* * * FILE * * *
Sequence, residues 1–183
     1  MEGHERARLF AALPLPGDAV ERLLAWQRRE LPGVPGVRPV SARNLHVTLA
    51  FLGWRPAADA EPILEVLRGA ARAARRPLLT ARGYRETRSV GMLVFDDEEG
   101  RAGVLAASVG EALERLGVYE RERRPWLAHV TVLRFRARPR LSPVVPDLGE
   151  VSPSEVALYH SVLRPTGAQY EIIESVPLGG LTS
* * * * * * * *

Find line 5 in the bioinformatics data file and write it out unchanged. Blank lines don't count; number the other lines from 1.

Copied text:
   151  VSPSEVALYH SVLRPTGAQY EIIESVPLGG LTS